Barrett Bloom is hoping college will be a fresh start after a messy high school experience. But when school begins on September 21st, everything goes wrong. She’s humiliated by the know-it-all in her physics class, she botches her interview for the college paper, and at a party that night, she accidentally sets a frat on fire. She panics and flees, and when she realizes her roommate locked her out of their dorm, she falls asleep in the common room.
The next morning, Barrett’s perplexed to find herself back in her dorm room bed, no longer smelling of ashes and crushed dreams. It’s September 21st. Again. And after a confrontation with Miles, the guy from Physics 101, she learns she’s not alone—he’s been trapped for months.
When her attempts to fix her timeline fail, she agrees to work with Miles to find a way out. Soon they’re exploring the mysterious underbelly of the university and going on wild, romantic adventures. As they start falling for each other, they face the universe’s biggest unanswered question yet: what happens to their relationship if they finally make it to tomorrow?
Groundhog Day in print format, hmm? I was intrigued by the synopsis from the start and I can pleasantly say See You Yesterday gave a sweet story that brought growth to both protagonists as they faced the same day over and over…and over again.
Barrett is by far from the perfect protagonist. We know from the start that things go super awry on her first day of classes after orientation. She gets into it with another student in a class she’s not sure she wanted to take and is trapped with the girl who dropped her as a friend ages ago as a roommate. But no one wants perfection, especially in their protagonist, and I appreciated the candor Barrett brings as the POV we see everything through. She suffered through a number of different ordeals in high school at the mercy and words of her peers, and college life was her hope for recreating herself with a brand new slate.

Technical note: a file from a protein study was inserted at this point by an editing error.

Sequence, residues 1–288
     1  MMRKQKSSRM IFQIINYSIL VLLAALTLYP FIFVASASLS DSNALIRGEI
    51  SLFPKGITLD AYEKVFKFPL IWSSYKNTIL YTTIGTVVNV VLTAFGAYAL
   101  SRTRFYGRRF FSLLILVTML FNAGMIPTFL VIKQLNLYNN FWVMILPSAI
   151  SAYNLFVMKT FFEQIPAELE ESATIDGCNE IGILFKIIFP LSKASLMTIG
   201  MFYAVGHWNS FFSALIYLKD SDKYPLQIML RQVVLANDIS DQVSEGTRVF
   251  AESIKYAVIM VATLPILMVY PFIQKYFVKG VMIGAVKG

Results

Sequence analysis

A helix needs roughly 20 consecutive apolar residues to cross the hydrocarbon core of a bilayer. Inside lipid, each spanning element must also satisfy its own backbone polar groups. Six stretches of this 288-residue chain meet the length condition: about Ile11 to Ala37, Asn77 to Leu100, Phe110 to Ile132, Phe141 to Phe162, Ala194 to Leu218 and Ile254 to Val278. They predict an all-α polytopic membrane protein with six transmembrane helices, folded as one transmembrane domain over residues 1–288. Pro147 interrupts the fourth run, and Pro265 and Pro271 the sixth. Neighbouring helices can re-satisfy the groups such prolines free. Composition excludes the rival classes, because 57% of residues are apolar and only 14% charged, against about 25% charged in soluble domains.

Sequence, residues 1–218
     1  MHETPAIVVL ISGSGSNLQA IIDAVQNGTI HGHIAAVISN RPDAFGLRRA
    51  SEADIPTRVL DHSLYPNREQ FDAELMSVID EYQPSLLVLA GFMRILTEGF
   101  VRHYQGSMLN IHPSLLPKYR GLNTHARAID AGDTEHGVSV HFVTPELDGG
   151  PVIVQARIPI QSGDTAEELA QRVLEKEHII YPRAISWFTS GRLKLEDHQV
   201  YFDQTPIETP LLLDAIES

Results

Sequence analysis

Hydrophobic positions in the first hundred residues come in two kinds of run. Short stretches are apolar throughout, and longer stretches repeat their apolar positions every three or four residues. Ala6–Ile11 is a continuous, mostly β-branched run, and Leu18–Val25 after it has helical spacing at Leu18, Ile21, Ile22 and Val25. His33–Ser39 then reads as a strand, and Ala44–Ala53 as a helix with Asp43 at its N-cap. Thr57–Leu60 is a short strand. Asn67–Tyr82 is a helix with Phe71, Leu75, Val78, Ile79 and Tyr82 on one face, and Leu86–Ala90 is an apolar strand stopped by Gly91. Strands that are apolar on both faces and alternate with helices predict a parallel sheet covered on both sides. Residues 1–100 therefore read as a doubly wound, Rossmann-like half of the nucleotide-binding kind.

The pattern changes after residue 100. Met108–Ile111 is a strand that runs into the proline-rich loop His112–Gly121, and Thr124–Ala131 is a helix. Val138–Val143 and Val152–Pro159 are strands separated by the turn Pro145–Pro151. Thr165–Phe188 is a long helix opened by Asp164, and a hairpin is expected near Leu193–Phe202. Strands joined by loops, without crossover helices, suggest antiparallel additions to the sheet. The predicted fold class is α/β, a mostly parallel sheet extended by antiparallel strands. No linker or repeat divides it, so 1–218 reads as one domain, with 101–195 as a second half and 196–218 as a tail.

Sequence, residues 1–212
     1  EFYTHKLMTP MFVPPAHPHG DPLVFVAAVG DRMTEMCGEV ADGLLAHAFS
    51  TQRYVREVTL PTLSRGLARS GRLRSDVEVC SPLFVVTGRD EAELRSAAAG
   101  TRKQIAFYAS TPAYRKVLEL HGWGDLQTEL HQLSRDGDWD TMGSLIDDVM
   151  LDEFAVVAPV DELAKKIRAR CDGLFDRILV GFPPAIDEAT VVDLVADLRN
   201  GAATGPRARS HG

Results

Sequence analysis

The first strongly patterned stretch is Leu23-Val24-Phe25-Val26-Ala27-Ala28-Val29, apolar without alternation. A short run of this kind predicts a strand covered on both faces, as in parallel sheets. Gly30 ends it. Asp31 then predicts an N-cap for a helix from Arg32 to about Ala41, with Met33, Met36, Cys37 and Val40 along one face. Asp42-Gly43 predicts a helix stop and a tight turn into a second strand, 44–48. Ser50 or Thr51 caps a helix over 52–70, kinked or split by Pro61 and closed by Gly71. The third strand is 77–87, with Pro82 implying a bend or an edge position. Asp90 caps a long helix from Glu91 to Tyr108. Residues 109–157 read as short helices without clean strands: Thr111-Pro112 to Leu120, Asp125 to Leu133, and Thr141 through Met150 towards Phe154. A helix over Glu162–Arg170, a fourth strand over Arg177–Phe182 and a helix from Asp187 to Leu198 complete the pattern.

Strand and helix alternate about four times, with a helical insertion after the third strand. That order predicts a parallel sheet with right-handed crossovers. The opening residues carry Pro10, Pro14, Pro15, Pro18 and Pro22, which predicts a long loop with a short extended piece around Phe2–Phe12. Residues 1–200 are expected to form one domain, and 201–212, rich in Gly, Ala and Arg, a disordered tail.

Repeating the same horrid day seems bad enough, but learning nothing she did differently made any difference (so you’re telling me trying to a better person the second time around doesn’t work as a magic spell to finally make it Thursday, September 22?). But what kept the repeated days from getting super tedious and repetitive was the antics Barrett encounters with Miles, a guy she instantly hit a sour note with in physics class who apparently is also stuck. I liked their interactions and banters, from the heated I-can-barely-stand-you-why-are-you-the-only-person-in-the-world-who-is-stuck-in-this-time-loop-with-me arguments to the softening, vulnerable conversations, because they felt genuine and real for two barely-started freshmen trying to find themselves and possible reinvent everything they were running away from. It would kind of suck if you didn’t like them because, sorry, we’re stuck with them. Everyone else is kind of like an amnesiac who will forget everything that happened the next time the day resets.
While I initially pegged this as a fun rom-com kind of book, it definitely has its space for serious conversations about the people they were and the ones they were hoping to become. I did really enjoy that and thought it made the story more interesting to read than perhaps only the silly things one could do without any consequences when the day just resets sometime during the night. The chemistry between Barrett and Miles was also there although I wouldn’t say it was always heavy on the romantic part for me like some other romance novels can make me feel. I suppose it wasn’t the focus because they were also getting to know one another as individuals, seeing each other in ways that maybe no one else had ever been privy to before underneath the walls and armor they showed the world. The romance is still there, don’t get me wrong, but it felt more like a contemporary story at times than romance as a genre.
If you’re looking for a fun story about young people stuck in a time loop – and oh boy, does the physics of it kind of come into play A LOT more than I anticipated? – then this is your book. If you’re looking for some more serious-toned story where the protagonist(s) really self reflects and dives deep into who they want to become through the experiences that have shaped them, this is also for you. I think there are different layers for a wider audience to enjoy, but the caveat is it’s not one specific thing that caters to one group more if that’s solely what you want it to be. I think it’s part of its beauty and I’m glad I picked up one of Rachel’s YA novels.
See You Yesterday definitely brought the fun as Barrett and Miles race to figure out how to escape the time loop they’re stuck repeating over and over again with only one another as company. Read part as a rom-com with the forced proximity trope really tugging these two characters together and part as a contemporary novel focusing on heavier themes such as bullying, this book wasn’t what I expected but had plenty of heart to love.